Ofatumumab (Arzerra®) is an immunoglobulin G1 (IgG1) kappa human monoclonal antibody with a molecular weight of ~149 kDa. It is produced in recombinant murine cell lines (NS0) with the help of standard mammalian cell cultivation and purification technologies.12,13 The antibody particularly binds to CD20 on the surface of B-cells. Thus, it activates antibody-dependent cell-mediated cytotoxicity and complement-dependent cell lysis of CD20 overexpressing B-cells. CD20, which is a nonglycosylated cell surface phosphoprotein, acts as a calcium iron channel. It is only expressed on B-cells during most stages of B-cell development.14 Ofatumumab, administered intravenously, is available in single-use vials containing either 100 mg/5 mL or 1,000 mg/50 mL.15 The US Food and Drug Administration (FDA)15 dosage recommendation for extended treatment is as follows: 300 mg on day 1, followed by 1,000 mg a week later and subsequently 1,000 mg after a period of 7 weeks. From thereon, a dose of 1,000 mg should be continued every 8 weeks up to a maximum duration of 2 years.

Treatment options for CLL depend on factors such as disease stage, age of the patient, and the presence of cytogenetic lesions or concomitant disease. Patients diagnosed at an early stage should only be observed.3 On the other hand, patients who have reached advanced Rai or Binet stages or are afflicted with the active, symptomatic disease need therapy. Physically fit patients are treated with chemoimmunotherapy with cyclophospamide, fludarabine, and rituximab. However, physically impaired patients should be treated with an anti-CD20 antibody in combination with mild chemotherapy in the form of chlorambucil.6

At a relapse, disease progresses after a period of 6 months or after either partial or complete remission, the initial treatment could be repeated if the interval, which is devoid of treatment, exceeds 2 or 3 years.16 If relapse occurs earlier, the treatment should be adjusted with the help of alternate agents, such as alemtuzumab, bendamustine (plus rituximab), ibrutinib, ofatumumab, and idelalisib.17 A combination of rituximab and idelalisib or ibrutinib could be used to treat patients with a del (17p) or TP53 mutation. Patients who are refractory to repeated chemotherapies or immunotherapies, or relapsing patients with TP53 mutations or del (17p) could consider allogenic stem cell transplantation.6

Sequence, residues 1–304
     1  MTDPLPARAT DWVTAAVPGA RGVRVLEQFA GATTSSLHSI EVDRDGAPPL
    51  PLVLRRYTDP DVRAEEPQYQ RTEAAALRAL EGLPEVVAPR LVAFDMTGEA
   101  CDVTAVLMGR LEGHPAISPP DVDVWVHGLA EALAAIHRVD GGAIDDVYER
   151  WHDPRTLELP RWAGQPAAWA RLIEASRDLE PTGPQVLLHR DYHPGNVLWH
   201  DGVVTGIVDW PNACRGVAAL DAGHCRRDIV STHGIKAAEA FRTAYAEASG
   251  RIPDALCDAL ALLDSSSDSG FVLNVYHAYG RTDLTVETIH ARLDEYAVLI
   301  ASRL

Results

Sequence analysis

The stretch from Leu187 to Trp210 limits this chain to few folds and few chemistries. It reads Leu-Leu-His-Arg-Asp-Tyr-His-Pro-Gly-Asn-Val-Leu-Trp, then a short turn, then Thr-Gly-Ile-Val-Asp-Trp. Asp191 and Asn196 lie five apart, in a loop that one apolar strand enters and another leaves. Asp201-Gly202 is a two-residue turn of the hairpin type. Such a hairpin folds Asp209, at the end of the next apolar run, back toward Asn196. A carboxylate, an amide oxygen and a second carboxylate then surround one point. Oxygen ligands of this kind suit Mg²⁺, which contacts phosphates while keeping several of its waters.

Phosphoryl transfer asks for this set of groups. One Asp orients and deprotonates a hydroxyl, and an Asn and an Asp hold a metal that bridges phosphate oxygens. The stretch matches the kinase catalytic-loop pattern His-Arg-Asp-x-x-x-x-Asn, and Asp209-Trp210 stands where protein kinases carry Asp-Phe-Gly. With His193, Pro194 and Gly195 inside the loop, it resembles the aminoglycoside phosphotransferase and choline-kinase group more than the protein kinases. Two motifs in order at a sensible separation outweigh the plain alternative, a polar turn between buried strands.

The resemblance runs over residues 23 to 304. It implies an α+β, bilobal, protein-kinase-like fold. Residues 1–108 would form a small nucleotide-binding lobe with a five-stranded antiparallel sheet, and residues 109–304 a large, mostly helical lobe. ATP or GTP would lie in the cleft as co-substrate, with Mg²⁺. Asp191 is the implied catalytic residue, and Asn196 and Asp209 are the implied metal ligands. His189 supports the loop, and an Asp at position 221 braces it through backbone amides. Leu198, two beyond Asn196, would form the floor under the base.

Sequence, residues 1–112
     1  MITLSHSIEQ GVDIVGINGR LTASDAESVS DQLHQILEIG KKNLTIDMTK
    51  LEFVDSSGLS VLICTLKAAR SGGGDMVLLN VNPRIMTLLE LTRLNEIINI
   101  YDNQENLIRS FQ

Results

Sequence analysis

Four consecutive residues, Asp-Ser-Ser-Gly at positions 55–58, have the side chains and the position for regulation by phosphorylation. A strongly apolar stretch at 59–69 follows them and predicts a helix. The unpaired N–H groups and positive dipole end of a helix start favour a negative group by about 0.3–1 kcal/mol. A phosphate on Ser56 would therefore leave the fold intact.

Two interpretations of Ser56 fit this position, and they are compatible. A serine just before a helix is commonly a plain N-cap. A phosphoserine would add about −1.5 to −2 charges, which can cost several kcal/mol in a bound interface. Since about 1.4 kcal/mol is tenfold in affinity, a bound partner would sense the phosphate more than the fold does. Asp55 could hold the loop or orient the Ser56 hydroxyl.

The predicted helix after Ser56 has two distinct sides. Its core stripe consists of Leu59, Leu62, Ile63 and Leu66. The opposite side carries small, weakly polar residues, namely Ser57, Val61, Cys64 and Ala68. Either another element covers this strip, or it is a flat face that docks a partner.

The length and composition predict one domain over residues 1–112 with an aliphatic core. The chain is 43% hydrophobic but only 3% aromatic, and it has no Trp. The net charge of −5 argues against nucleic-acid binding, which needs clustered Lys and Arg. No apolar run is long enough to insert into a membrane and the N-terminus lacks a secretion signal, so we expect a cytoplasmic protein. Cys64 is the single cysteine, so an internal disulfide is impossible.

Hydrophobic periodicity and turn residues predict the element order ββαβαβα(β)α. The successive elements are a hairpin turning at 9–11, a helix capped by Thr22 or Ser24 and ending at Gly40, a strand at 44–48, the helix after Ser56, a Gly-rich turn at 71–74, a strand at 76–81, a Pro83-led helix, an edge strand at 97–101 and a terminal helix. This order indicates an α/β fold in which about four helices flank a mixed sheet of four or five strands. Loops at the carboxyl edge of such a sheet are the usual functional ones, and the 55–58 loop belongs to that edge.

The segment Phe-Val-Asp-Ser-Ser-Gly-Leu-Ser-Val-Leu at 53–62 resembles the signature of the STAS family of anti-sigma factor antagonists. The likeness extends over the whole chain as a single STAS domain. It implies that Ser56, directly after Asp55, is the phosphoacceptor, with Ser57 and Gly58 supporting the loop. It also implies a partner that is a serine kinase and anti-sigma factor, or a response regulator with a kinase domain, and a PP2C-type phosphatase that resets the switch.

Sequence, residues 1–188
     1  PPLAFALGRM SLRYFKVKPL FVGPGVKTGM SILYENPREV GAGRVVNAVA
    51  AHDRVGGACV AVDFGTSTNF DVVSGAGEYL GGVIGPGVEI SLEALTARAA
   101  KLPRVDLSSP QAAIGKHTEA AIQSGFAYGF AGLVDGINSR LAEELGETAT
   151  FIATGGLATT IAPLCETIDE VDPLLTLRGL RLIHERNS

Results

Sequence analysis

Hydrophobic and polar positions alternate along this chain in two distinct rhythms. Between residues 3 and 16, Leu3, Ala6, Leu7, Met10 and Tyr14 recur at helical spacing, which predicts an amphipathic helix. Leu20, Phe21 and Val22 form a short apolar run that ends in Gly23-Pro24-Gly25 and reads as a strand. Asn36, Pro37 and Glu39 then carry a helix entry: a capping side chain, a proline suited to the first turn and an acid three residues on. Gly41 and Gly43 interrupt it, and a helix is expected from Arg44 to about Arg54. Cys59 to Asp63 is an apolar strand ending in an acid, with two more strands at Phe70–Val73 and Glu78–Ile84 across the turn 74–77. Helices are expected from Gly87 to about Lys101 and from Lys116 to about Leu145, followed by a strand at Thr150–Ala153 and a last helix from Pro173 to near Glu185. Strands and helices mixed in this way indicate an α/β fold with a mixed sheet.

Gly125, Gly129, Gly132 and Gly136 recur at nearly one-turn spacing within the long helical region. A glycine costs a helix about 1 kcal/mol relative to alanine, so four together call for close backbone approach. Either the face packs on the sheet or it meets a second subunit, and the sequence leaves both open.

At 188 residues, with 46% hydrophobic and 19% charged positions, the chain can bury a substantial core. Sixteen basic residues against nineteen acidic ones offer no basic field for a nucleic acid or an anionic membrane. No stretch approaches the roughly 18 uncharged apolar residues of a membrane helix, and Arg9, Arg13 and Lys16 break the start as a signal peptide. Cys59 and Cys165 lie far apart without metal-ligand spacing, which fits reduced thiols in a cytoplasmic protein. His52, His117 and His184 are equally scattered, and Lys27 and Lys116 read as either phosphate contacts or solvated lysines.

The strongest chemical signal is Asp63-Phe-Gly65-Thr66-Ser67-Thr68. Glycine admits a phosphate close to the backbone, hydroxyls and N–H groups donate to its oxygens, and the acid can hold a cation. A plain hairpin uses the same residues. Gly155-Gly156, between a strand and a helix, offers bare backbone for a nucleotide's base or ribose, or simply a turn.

A Phase III COMPLEMENT 2 study conducted showed that the treatment of CLL patients with ofatumumab in combination with fludarabine and cyclophosphamide (n=183) improved progression-free survival by 54% and improved overall response rate (84% vs 68%, respectively) as compared to those receiving fludarabine and cyclophosphamide alone. The median overall survival was 56.4 and 45.8 months for combination therapy and individual therapy, respectively (P=0.1410).18


CLL is a condition affecting the elderly as it particularly impacts those who have crossed the age of 50 years. In it significant amounts of blood stem cells turn into abnormal white blood cells, which do not serve the function that healthy ones do. In other words, they are not able to adequately counter infections. Their number, too, keeps increasing. As a result, there is less room for normal white blood cells, platelets, and red blood cells. This in turn leads to complications in the form of infections, easy bleeding and anemia. But, despite decades of clinical trials, it remains incurable. Some patients survive for long periods, while others die rapidly in spite of intensive therapy. Since most CLL patients express CD20 on their malignant cells, anti-CD20 monoclonal antibody agents have been incorporated into treatment regimens, including ofatumumab. Ofatumumab was approved by the FDA on the basis of a prolonged trial. Those who took ofatumumab exhibited close to double the rate of survival, without progression of the disease, in comparison with those who did not take it. Ofatumumab (Arzerra) was approved by the FDA in January 2016 for extensive treatment of CLL patients.15 The treatment showed major activity and a favorable safety profile, thereby providing meaningful clinical improvements in CLL patients. The results of the studies conducted were encouraging and further investigation is necessary.17


The author is thankful to for providing English language editing and proofreading services for this manuscript.


The author reports no conflict of interest in this work.